More alarming developments from the land of our forefathers
Wesley Pruden, in today's Washington Times, looks at the alarming anti-free speech developments in Britain, where our own free speech guarantees were invented. What he finds is truly alarming. Especially frightening are his final paragraphs, which I quote below.
Free speech takes a British pounding-Nation/Politics-The Washington Times, America's Newspaper
Our British cousins, who invented most of the guarantees of freedom we improved on and now take for granted, are learning what happens when you tinker with free speech.
Tony Blair provoked humiliating opposition in Parliament, trying to impose one law prohibiting disrespect of religious faith, another to prohibit "glorification" of terror, and still another to require his countrymen to carry national identification cards as if they were no better off than Frenchmen.
But the appetites of the nibblers are never sated. A watered-down but still lethal version of the so-called religious and racial hatred bill is on its way into the law books.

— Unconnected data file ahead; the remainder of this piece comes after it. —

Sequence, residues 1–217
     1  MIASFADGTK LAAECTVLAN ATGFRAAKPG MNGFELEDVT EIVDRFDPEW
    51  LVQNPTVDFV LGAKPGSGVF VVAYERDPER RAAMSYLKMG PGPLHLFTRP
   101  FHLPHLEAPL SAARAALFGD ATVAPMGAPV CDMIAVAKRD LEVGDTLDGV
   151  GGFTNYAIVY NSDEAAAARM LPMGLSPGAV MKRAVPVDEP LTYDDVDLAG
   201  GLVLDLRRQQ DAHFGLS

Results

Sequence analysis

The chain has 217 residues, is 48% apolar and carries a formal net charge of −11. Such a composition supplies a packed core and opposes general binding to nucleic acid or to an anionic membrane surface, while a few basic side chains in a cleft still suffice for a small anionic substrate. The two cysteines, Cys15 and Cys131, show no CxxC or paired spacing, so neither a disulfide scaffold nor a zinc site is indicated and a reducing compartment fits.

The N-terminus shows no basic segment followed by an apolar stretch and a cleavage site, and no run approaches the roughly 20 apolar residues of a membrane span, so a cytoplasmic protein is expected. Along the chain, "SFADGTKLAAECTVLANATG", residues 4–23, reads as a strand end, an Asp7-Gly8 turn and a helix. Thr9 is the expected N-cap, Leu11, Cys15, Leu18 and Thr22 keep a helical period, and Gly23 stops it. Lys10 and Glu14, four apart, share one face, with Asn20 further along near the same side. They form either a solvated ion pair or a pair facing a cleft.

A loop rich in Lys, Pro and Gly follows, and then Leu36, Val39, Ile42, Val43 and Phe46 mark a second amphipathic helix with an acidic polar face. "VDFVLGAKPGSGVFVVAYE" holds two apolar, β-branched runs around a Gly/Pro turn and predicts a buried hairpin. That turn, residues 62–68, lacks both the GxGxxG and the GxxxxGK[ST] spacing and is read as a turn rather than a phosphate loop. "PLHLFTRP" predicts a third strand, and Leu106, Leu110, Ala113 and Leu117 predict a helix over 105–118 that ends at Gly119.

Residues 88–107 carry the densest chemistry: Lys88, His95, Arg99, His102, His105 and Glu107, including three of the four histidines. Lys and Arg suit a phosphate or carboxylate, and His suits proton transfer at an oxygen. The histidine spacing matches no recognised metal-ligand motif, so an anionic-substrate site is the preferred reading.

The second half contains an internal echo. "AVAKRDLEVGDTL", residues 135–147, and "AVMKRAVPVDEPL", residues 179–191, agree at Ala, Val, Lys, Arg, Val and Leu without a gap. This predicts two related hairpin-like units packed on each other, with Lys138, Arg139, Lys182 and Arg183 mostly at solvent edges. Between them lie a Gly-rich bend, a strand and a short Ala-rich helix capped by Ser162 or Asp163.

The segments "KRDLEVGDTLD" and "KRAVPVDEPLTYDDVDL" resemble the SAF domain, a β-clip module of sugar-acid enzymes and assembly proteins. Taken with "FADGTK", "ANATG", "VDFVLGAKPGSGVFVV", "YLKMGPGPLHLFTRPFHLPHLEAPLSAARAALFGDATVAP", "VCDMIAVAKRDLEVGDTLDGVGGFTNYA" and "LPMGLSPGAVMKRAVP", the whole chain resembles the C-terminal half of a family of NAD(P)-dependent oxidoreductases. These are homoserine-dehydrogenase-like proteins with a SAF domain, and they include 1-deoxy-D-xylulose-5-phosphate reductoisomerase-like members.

[...] Hundreds of Christian churches across Britain, including congregations of Anglicans, Roman Catholics and Presbyterians, submitted a letter warning the government that legislation criminalizing religious practices will worsen the tense relations between Christians and Muslims. "The mere quoting of texts from both the Koran and the Bible could be captured and criminalized by this law," the churchmen said. "Extremists have shown themselves willing to use malicious prosecution to further their purposes and this law would present such prosecution opportunities against all religious communities." Some moderate Muslims have joined the protest.
The Rev. Dan Naillah, an Australian Pentecostal pastor, told the House of Commons that he ran afoul of similar legislation in his country by merely quoting from the Koran at a seminar on Islam. An Islamic council filed a protest, saying that Mr. Naillah had not shown proper deference to Islam, and found a judge who agreed. Mr. Naillah and an associate were ordered to apologize and take out $30,000 worth of newspaper advertisements to explain the court's ruling. If they don't, they risk seven years in prison.